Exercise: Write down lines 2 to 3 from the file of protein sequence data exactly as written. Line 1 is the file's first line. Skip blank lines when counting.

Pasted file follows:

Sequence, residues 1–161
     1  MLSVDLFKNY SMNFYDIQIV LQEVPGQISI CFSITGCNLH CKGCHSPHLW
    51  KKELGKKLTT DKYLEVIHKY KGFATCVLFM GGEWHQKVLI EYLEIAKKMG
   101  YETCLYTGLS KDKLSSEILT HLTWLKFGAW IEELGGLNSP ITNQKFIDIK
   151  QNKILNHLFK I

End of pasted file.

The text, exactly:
     1  MLSVDLFKNY SMNFYDIQIV LQEVPGQISI CFSITGCNLH CKGCHSPHLW
    51  KKELGKKLTT DKYLEVIHKY KGFATCVLFM GGEWHQKVLI EYLEIAKKMG